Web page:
Edna Landau
Edna in the News
October 11, 2011
Legendary artist manager Edna Landau to speak at Toronto seminar

by Mike Cohen

Jewish Tribune, Canada

TORONTO - As the co-founder of the prestigious IMG Artists in the United States and director of the operation for more than two decades, Edna Landau knows what it takes to make it in show business.

Now semi-retired and acting as a consultant to the Colburn Conservatory of Music, there is nothing she likes more than travelling to conferences and giving career advice to people who want to make it as classical singers, instrumentalists, conductors or composers.

This is why the woman - often referred to as 'The Grande Dame of Artist Management' - was asked to be part of the International Resource Centre for Performing Arts (IRCPA) Career Moves seminar in Toronto for classical performing artists. The program takes place on Nov. 12 and 13 from 2 p.m. to 5 p.m. on both days at the Gallery of the Toronto Centre for the Arts (5040 Yonge St.).

Ask Edna in Person: A Q&A will be held on the Sunday as Landau headlines a much anticipated session, fielding questions from participants. Organizers note that the Career Moves sessions are also recommended for presenters, managers, publicists, coaches, teachers, corporate sponsors, foundation representatives, and even parents of gifted children - anyone who wants to understand the requirements and demands of artists' careers.

Landau won't attend the first seminar on Saturday, Nov. 12, a panel discussion featuring presenters, managers, a publicist, critics and artists. That is because she is Shomer Shabbos.

"Being observant has presented its challenges over the years," Landau told the Jewish Tribune in an interview. "I have had to turn down many invitations for many conferences that occurred over Shabbat. I grew up in an orthodox Jewish family and had a Jewish education. This has always been a very important part of my life and, in this business, I honestly believe I would have burnt out had I not been observant. During those years with IMG, things got pretty intense. But I always knew that come Friday night I would have a 24-hour break from answering the phone or doing any work."

That being said, Landau is thrilled to be coming to Toronto and praises seminar organizer Ann Summers Dossena for her dedication to young performers. How did she first get into the business?

"It is something that happened without a plan," she admitted. "I was teaching in Manhattan for five years and one day I decided I wanted to be around performers.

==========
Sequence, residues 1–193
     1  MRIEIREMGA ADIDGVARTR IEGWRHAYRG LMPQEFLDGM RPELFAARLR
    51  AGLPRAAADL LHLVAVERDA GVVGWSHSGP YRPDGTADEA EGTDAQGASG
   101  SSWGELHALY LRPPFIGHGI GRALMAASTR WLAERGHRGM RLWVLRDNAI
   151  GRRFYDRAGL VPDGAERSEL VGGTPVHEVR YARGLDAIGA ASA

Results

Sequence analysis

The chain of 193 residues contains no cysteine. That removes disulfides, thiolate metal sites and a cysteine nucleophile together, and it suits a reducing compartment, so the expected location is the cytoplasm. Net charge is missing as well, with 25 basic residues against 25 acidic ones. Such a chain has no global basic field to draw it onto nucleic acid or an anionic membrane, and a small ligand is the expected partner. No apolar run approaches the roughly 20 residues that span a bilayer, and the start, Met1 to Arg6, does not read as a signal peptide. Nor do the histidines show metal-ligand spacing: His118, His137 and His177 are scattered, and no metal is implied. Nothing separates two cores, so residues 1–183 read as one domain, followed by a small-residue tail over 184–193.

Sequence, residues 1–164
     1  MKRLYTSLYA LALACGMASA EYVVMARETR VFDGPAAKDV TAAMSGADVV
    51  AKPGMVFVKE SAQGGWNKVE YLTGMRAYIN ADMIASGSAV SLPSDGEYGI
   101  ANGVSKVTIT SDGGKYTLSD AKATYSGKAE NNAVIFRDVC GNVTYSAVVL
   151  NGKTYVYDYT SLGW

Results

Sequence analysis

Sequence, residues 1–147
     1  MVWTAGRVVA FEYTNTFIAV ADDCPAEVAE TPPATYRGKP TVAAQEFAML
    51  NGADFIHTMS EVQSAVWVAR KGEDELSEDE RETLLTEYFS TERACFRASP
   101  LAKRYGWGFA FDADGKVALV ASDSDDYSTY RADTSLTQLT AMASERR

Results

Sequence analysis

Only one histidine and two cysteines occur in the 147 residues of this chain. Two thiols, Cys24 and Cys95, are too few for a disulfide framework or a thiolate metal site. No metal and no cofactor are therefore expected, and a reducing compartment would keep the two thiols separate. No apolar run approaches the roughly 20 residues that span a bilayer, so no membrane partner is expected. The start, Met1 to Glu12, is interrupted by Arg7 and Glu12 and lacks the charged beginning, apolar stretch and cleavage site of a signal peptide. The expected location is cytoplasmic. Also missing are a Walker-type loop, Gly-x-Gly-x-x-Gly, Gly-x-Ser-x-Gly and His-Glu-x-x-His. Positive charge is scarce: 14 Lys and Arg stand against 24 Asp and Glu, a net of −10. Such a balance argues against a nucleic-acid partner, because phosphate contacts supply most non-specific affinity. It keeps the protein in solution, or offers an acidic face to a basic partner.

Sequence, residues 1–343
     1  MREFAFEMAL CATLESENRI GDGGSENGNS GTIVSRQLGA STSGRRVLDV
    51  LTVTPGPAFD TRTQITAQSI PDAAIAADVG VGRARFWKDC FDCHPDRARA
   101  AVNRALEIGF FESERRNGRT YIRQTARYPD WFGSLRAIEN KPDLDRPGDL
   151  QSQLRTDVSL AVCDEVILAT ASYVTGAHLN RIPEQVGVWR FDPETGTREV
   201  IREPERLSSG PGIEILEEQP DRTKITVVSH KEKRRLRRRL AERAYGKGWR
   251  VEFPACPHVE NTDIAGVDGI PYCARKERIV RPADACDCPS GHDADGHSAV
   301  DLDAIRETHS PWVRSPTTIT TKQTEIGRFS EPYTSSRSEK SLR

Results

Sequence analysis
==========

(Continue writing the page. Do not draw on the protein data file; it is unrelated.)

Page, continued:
Reading the New York Times I saw an ad for an organization called Young Concert Artists. It was a clerical job as the assistant to the director. They wanted someone full-time; I wanted to work part-time as I had a young child at home. Well they hung the phone up on me. I ended up going down there in person. They gave me some tests and I got the job. I was there for five years and really learned everything about the business."

Landau next teamed up with artist manager Charles Hamlen. Together they launched their own company, which was ultimately acquired by International Management Group and became IMG Artists. She went on to guide the careers of some of today's leading instrumentalists and conductors, including violinists Itzhak Perlman and Hilary Hahn, while also identifying and nurturing young superstars of tomorrow.

During the course of her tenure, IMG Artists grew from an office of four employees in New York to become the world's leading performing arts management with offices around the globe.

Landau marvels at how the business has changed since she first started.

"Arts journalism has changed dramatically, in the sense that there are far less opportunities for young artists to be reviewed in the major publications but the possibility does exist to get coverage in the multitude of blogs that address the arts," she said. "Thanks to the internet and YouTube, artists are no longer forced to rely on reviewers to help build their profile and can build a following through their own concerted efforts.

"Also, there is a proliferation of informal and more intimate venues in which classical music can be heard such as Le Poisson Rouge in New York, where some of the barriers that intimidated uninitiated audiences have been broken down and larger numbers of young people are attending concerts."

It has been four years since Landau formally left IMG. Initially her role with the Colburn Conservatory of Music was as director of career development. Once a month she would fly to Los Angeles and spend a week there. Now as a consultant she works from her home in the suburbs just outside New York City and makes it a point to speak at conferences where she hopes she can encourage young people seeking answers. She also has her own Ask Edna blog.

Her son Elie Landau currently serves as associate general manager for 101 Productions, Ltd., a Manhattan-based theatrical management firm, which now handles the Broadway production of The Addams Family starring Nathan Lane and Bebe Neuwirth.

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